U.S. utility customers may catch a break as more than $6 billion in proposed rate hikes are thrown into limbo now that regulators must decide whether to raise bills during a pandemic.

The pending increases requested by Duke Energy Corp., Dominion Energy Inc. and others would drive up costs in more than a dozen states. They may be delayed or face higher scrutiny as political pressure mounts to not burden homes and businesses while unemployment is already soaring.

“Kicking the can down the road is going to happen broadly,” Ryan Wobbrock, a credit analyst at Moody’s Investors Service, said in an interview.

While that would be good news in the short-term for customers struggling to pay electric and gas bills, there may a trade off. Delaying or reducing rate increases would crimp utilities’ cash flow and slow their efforts to recoup investments for big capital projects. That could hurt their credit, drive up borrowing costs and ultimately lead to higher customer bills.

Already, New York Governor Andrew Cuomo has ordered regulators to suspend pending rate hikes. In Massachusetts, Attorney General Maura Healey has asked to delay them. “This pandemic has caused financial struggles and record unemployment numbers – Massachusetts families can’t afford any additional costs right now,” Healey said in a statement.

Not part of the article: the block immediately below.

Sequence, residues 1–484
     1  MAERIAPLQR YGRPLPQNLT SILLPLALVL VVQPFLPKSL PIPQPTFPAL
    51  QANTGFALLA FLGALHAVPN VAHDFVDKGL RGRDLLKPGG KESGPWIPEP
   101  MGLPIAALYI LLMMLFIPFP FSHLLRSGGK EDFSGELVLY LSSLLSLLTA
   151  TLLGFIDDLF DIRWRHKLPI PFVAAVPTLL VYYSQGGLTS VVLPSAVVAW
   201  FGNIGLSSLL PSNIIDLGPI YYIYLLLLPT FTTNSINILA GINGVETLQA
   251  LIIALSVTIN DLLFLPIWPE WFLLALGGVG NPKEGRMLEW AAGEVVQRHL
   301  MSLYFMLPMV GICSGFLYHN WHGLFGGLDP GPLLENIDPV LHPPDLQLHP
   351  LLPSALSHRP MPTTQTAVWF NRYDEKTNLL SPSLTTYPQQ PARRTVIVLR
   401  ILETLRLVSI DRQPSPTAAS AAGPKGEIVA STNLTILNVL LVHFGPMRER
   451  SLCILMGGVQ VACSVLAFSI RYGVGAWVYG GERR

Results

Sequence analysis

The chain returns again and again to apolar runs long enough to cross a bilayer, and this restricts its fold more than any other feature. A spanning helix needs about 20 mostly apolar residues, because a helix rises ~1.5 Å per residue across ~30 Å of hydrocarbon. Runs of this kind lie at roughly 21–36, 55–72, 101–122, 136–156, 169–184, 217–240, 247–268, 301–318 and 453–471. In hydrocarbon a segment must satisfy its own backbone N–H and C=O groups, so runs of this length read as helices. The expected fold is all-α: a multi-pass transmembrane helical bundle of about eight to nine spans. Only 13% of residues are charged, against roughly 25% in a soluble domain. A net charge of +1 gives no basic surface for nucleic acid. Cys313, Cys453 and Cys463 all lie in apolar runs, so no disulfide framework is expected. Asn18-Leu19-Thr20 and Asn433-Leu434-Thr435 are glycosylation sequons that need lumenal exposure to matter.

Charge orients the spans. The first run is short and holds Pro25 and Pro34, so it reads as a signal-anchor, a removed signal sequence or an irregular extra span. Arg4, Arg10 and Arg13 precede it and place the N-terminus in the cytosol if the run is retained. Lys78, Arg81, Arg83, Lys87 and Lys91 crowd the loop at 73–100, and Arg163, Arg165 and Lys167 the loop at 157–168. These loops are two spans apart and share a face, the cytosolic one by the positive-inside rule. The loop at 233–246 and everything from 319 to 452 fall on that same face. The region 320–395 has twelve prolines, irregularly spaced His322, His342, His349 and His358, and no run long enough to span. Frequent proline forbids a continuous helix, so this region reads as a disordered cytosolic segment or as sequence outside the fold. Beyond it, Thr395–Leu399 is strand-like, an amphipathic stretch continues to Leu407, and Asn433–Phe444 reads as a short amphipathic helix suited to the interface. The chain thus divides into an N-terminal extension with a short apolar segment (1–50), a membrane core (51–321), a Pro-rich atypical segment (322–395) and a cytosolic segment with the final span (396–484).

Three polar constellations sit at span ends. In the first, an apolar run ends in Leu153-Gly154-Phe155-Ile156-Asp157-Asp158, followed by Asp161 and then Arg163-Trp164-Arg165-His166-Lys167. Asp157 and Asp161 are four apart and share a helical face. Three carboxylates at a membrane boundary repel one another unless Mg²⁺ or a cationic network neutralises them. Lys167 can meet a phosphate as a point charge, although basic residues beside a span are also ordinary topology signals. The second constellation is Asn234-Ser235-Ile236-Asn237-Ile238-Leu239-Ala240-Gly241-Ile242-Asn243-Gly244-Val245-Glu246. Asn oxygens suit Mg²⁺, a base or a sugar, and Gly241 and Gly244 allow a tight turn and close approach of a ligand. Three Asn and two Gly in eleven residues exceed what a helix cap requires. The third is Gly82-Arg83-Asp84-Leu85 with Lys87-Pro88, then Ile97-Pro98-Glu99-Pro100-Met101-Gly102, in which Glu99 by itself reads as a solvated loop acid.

Utilities including Eversource Energy, NiSource Inc.’s Columbia Gas and National Grid Plc have opposed Healey’s request. In a filing, they argued it could jeopardize their cash flow just as an increasing number of customers are falling behind on bills, creating a “perfect storm” that would drive up their costs to raise capital and in the end hurt consumers.

“Although at first glance the attorney general’s recommendation appears to be in the interest of customers, it is not,” the utilities said in their filing. “The attorney general’s well-intentioned but ill-advised proposal will only create additional financial stress for customers.”

In total, U.S. utilities have at least $6.4 billion in pending rate hikes, according to Moody’s. Not all are opposed to delaying them. In fact, several utilities have proactively asked to regulators to postpone rulings in light of the pandemic.

In New York, the outbreak’s global epicenter, Avangrid Inc., New York State Electric & Gas Corp. and Rochester Gas & Electric Corp. have asked to suspend their rate cases through mid-September. Dominion requested a delay in South Carolina.

Analysts for Moody’s called the moves prudent. “Over the long-term, these actions often enhance financial strategy, risk management and customer relations,” the analysts said in a statement.

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